Viewed in this context, the idea that legislatures full of women would govern differently than the current ones looks more like common sense. Politicians face significant constraints determined by party politics and electoral incentives. They also subscribe to broad ideological worldviews that prescribe stances on many issues. But within those constraints there is substantial wiggle room, specifically when it comes to the question of what to emphasize or try to place on the agenda.

Women lead different lives than men, and would consequently govern differently if more of them were in office. And the evidence strongly suggests that electing women to high-profile jobs inspires more women to run for and win lower-profile jobs. The presidency is by far the highest-profile job in American politics, meaning a Clinton presidency would likely have a meaningful downstream impact on women's representation for years to come — with far-reaching ramifications for public policy at both the state and national level.

Clinton's campaign is focused at the moment on making the case against Donald Trump, which is obviously an important aspect of their strategy. But at the end of the day, to turn out voters you need to make them feel excited about the idea of being part of something larger and interesting. For Clinton, the woman angle is by far the most promising route to accomplishing that.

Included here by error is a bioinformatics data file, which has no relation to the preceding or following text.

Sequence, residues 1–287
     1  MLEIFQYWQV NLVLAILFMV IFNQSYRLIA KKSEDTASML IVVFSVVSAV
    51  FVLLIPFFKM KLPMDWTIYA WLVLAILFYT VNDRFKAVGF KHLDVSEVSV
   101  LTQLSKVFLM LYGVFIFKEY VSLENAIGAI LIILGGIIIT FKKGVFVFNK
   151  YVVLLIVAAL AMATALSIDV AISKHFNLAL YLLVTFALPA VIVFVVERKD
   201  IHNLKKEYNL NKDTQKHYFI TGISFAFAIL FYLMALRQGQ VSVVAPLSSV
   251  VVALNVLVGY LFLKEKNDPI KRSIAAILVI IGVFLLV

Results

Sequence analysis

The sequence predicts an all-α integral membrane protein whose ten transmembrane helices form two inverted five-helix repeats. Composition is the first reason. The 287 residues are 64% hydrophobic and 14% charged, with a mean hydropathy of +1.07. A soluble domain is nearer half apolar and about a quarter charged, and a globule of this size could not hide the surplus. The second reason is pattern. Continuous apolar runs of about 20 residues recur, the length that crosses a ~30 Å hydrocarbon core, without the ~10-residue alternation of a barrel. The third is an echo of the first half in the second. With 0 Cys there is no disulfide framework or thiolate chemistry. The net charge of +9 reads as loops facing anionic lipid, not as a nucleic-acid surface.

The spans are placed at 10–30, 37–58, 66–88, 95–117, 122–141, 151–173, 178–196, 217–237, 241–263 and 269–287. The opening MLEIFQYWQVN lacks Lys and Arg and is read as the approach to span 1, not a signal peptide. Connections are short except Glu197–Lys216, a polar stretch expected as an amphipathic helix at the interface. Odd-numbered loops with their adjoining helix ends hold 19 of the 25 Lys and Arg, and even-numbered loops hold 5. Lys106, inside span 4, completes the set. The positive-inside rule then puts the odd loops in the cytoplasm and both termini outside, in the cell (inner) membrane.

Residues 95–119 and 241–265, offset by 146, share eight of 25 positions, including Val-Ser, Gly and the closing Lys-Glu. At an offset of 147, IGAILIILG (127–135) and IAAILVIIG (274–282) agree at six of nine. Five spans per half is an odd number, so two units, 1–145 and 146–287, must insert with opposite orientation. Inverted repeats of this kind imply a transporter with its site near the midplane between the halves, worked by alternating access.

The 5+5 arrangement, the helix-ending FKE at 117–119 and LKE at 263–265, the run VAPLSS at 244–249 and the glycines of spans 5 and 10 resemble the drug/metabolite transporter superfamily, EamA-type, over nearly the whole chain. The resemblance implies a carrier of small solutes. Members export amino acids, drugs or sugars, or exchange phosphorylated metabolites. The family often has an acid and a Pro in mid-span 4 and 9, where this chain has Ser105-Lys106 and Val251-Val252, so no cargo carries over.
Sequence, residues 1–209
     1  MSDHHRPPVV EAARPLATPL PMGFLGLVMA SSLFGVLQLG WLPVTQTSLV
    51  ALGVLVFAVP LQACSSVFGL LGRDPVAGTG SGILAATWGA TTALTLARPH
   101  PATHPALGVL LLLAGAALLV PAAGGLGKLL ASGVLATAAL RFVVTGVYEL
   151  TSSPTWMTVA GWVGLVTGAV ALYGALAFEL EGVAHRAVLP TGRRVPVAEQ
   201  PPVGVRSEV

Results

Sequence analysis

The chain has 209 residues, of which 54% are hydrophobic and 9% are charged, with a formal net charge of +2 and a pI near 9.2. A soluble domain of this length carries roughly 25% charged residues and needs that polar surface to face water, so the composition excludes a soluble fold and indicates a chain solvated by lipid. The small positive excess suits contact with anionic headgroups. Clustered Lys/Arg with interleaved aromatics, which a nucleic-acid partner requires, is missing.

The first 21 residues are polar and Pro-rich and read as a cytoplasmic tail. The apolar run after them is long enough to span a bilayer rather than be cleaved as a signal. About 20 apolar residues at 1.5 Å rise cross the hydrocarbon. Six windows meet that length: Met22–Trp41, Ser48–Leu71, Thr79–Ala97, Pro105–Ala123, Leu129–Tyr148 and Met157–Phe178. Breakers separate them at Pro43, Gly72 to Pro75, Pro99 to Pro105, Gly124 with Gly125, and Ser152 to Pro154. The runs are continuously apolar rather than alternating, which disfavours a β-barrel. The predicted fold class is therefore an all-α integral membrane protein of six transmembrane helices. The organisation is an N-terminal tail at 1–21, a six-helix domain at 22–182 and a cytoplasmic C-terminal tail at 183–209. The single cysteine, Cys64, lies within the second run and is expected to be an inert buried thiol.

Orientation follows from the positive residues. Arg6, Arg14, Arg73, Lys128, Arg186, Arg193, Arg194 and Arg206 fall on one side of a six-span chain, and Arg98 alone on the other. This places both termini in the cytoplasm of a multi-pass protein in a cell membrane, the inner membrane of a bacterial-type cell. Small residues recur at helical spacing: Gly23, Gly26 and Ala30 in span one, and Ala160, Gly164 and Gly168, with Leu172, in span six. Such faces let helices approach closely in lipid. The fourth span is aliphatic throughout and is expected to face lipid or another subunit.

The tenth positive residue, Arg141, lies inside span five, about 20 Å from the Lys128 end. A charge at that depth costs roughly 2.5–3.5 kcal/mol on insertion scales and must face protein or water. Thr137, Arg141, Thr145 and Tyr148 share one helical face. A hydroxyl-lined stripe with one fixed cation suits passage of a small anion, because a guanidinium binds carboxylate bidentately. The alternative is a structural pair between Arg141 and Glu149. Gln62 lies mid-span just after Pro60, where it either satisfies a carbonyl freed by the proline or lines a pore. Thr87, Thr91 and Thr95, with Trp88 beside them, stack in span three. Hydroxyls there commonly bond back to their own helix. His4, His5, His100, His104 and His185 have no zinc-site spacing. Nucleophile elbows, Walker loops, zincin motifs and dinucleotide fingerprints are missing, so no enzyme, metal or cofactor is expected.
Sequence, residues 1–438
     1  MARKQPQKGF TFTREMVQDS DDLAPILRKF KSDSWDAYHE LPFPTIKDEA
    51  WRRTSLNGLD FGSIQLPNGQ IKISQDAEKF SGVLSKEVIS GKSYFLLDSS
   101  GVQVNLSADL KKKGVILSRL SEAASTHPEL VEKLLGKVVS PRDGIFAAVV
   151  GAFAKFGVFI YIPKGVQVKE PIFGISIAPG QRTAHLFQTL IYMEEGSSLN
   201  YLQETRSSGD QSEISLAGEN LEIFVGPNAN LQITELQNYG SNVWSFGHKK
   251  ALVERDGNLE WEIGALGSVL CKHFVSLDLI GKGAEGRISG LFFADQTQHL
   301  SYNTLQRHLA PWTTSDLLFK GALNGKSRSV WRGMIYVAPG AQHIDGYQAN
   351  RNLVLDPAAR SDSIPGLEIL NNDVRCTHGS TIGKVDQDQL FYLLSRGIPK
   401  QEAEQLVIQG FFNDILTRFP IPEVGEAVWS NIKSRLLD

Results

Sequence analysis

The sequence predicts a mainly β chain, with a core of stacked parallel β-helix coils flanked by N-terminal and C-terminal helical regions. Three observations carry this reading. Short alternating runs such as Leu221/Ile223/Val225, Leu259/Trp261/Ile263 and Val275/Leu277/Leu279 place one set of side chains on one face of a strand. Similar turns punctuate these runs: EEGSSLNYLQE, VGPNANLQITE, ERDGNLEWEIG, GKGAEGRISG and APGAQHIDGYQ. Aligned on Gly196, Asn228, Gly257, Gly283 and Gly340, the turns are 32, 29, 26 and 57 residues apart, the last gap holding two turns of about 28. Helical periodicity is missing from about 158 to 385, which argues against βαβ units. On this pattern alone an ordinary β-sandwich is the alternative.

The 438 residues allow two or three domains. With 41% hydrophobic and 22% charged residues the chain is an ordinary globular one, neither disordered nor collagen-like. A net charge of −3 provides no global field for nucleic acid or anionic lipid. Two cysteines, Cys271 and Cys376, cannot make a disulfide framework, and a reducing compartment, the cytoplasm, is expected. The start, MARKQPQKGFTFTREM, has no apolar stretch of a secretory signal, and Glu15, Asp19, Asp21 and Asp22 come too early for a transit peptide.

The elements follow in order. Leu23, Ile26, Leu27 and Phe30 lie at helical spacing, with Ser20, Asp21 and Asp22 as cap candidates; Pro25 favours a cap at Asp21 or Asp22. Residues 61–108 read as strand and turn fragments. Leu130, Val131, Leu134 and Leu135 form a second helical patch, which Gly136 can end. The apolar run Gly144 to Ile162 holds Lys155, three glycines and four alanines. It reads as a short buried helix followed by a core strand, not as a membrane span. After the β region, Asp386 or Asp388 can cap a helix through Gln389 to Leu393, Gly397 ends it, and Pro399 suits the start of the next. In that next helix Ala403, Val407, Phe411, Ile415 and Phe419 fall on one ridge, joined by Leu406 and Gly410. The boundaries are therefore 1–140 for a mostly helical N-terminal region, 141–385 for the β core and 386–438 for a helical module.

And it's not something they should feel sheepish about saying or that others should dismiss as symbolism. The life experience and personal identity of the governing class matters enormously, and a Clinton presidency would shift the composition of the American government in a profound and unprecedented way.


*Correction: An earlier version of this article described Portman as "one of the first" Republican senators to favor marriage equality, which is technically true, but he was the very first to do so and should be described as such.